As we mentioned before, when reviewing the security practice of an agency you always find some kind of security guidelines or plans or measures or patterns of behaviour in progress. There are many forces at stake, from stereotypes about security practice to a reluctance to increase the existing workload by incorporating new security activities. Security practice is typically fragmented, evolutionary and largely intuitive. In terms of securitymanagement it is necessary to proceed step by step, making incremental changes to improve performance. Securitystrategies and procedures tend to emerge from “strategic subsystems”, each of which covers a specific area of work (logistics, a field team specially concerned with its security, a headquarters manager under pressure by donor´s concerns for security, etc.). Incrementalism 4 in securitymanagement opens the door to informal processes and allows space for nucleus of change agents at work. Precipitating events (such as security incidents) prompt urgent, interim decisions that shape the security practice and that, if properly managed, becomes part of a widely shared consensus for action among members of the field and management teams.
An approach called MDA (Model Driven Architecture) is applied by Calos Blanco, et al.  to develop secure data warehouse and protect the organization’s sensitive data or information from unauthorized users. MDA  is the Object Management Group (OMG) standard approach, which provides a model driven software development based on separation of the specification of the system functionality and its implementation. This approach allows us to define models at different abstraction level: Computer Independent Model (CIM) at Business level and Platform Independent model at conceptual level and Platform Specific model (PSM) at logical level and Code at Physical level.
Best in Class companies (Figure 8) concentrated mostly on training staff in regulatory requirements, policies, and best practices to overcome these challenges (78%). This was followed closely by selecting a solution that integrates well with current IT management systems (56%), and improving / creating operational procedures and best practices (44%). Best in Class companies also reported success in selecting systems that allow cen- tralized policy definition and enforcement (33%) and improving integration of currently deployed endpoint security systems (33%) to improve endpoint security and drive adop- tion of endpoint data protection solutions. Laggards overcame their challenges by im- proving and/or creating operational procedures and best practices (55%), selecting sys- tems that allow centralized policy definition and enforcement (41%), and training staff in regulatory requirements, policies, and best practices (27%) to drive adoption.
Policy coordination and coherence issues are even more complex when we turn to the broader EU presence in the Horn of Africa, which in financial terms is far larger than the CSDP programmes. 16 On the aid front, the Commission floated in 2012 a new ‘Action Plan for the Horn of Africa’, dubbed ‘Supporting Horn of Africa Resilience’ (SHARE). SHARE envisaged that the Strategic Framework’s would shape policy coordination between the other key European actors, including the EU’s Directorate-General for European Civil Protection and Humanitarian Aid Operations (DG ECHO) as well as DEVCO, and link thereby short- term humanitarian aid with longer-term development agencies. Highlighting the EU’s operational organisational complexity further, this in turn built upon the ‘Instrument for Stability’, a coordination and finance structure dating from 2007, which aimed to harmonise the Commission’s work on conflict prevention, crisis management and peace-building more broadly and coincided with the launching of the ‘EU-Africa Strategy’.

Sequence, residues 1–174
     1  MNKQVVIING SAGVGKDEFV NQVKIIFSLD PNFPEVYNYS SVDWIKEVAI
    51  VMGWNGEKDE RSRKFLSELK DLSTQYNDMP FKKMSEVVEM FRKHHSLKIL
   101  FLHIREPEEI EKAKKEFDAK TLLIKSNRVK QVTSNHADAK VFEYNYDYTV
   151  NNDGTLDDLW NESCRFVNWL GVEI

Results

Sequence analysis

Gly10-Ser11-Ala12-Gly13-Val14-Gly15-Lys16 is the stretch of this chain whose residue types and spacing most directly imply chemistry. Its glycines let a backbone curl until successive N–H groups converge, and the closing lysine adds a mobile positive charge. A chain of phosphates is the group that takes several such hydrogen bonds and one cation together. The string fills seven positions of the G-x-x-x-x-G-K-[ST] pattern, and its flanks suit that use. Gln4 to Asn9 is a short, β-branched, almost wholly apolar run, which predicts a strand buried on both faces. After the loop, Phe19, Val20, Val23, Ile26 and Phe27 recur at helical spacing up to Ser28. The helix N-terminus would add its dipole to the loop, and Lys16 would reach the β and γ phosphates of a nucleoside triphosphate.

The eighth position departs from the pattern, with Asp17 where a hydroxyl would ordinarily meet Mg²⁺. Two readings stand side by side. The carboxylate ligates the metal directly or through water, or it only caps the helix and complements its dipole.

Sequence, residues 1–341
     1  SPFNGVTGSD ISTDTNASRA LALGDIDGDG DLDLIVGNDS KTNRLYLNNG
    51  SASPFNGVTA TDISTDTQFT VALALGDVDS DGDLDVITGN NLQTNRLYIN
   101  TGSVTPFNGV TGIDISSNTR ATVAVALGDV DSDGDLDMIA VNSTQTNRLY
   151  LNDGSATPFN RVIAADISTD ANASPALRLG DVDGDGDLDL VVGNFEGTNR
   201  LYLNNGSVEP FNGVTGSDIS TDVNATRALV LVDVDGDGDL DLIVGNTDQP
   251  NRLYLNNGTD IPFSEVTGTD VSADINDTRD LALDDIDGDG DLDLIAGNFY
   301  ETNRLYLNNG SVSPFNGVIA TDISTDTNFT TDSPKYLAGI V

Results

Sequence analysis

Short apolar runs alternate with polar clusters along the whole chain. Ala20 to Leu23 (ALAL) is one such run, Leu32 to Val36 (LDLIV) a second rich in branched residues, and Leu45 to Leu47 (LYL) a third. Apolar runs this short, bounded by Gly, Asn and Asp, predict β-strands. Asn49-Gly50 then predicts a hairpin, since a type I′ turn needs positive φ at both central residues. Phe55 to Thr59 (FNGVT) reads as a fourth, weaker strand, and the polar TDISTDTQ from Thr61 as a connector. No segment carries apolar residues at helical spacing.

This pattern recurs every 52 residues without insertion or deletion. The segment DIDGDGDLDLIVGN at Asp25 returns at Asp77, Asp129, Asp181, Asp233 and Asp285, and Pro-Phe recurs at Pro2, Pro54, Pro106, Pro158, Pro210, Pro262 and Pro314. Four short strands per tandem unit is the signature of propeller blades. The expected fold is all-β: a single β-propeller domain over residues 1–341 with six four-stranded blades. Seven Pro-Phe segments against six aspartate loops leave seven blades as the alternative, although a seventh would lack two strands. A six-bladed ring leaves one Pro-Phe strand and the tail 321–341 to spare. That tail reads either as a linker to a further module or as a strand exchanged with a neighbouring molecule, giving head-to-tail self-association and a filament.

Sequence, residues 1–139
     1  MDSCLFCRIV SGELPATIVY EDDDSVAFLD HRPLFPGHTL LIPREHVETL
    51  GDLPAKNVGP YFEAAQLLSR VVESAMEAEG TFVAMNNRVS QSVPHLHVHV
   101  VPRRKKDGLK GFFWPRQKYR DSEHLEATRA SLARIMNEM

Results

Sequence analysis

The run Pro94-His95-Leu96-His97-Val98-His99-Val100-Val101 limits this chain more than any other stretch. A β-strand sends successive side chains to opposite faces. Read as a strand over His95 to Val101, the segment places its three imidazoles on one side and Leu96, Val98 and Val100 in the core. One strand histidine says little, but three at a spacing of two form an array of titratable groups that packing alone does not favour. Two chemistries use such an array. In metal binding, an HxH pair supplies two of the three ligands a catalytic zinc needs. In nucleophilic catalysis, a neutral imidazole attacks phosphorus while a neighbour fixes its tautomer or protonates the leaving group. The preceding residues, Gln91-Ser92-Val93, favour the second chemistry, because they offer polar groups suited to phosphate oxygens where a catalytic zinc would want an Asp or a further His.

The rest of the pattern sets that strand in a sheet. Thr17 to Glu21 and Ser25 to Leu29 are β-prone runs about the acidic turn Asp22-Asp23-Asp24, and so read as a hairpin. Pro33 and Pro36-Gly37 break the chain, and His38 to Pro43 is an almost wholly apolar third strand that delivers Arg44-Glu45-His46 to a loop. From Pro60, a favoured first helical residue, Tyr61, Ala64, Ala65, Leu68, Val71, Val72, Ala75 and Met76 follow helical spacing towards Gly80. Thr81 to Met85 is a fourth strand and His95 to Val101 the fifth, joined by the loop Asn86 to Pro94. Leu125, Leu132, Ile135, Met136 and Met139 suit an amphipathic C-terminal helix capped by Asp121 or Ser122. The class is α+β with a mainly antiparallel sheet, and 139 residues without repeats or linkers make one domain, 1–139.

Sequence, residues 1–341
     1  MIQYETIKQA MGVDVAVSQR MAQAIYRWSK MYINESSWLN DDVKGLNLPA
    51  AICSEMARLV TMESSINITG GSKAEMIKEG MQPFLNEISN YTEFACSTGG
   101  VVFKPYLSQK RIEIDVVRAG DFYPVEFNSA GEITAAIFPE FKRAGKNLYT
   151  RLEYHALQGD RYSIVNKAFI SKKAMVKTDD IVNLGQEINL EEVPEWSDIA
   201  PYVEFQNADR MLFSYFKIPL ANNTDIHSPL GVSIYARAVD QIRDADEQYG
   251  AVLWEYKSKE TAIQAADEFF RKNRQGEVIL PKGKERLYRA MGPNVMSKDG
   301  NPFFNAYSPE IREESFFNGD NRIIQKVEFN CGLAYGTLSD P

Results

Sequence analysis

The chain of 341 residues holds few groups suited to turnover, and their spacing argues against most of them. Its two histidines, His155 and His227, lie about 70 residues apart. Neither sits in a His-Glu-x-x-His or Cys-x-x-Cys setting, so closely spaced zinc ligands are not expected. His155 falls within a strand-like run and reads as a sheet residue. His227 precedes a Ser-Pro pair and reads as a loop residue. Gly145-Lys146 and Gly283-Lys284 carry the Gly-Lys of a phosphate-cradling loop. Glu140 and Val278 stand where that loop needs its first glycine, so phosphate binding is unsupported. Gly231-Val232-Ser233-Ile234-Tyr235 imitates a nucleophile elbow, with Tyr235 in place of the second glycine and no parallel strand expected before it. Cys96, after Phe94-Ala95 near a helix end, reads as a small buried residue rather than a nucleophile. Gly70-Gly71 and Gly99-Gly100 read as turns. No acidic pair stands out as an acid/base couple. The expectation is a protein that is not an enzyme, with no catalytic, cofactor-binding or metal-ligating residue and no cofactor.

Abstract—This paper investigates the resource allocation prob- lem for a type of workflows in pervasive computing. These workflows are abstracted from the enterprise-level applications in the business or commerce area. The activities in these workflows require not only computing resources, but also human resources. Human involvement introduces additional security concerns. When we plan/allocate resource capacities, we often assume that when a task is allocated to a resource, the resource will accept the task and start the execution once the processor becomes available. However, the security policies impose further constraints on task executions, and therefore may affect both application- and system-oriented performance. Authorization is a important aspect in security. This paper investigates the issue of allocating resources for running workflows under the role-based authorization control, which is one of the most popular authorization mechanisms. By taking into account the authorization constraints, the resource allocation strategies are developed in this paper for both human resources and computing resources. In the allocation strategy for human resources, the optimization equation is constructed subject to the constraint of the budget available to hire human resources. Then the optimization equation is solved to obtain the number of human resources allocated to each authorization role. The allocation strategy for computing resources calculates not only the number of computing resources, but also the proportion of processing capacity in each resource allocated to serve the tasks assuming each role. The simulation experiments have been conducted to verify the effectiveness of the developed allocation strategies. The experimental results show that the allocation strategy developed in this paper outperforms the traditional allocation strategies, which do not consider authorization constraints, in terms of both average response time and resource utilization.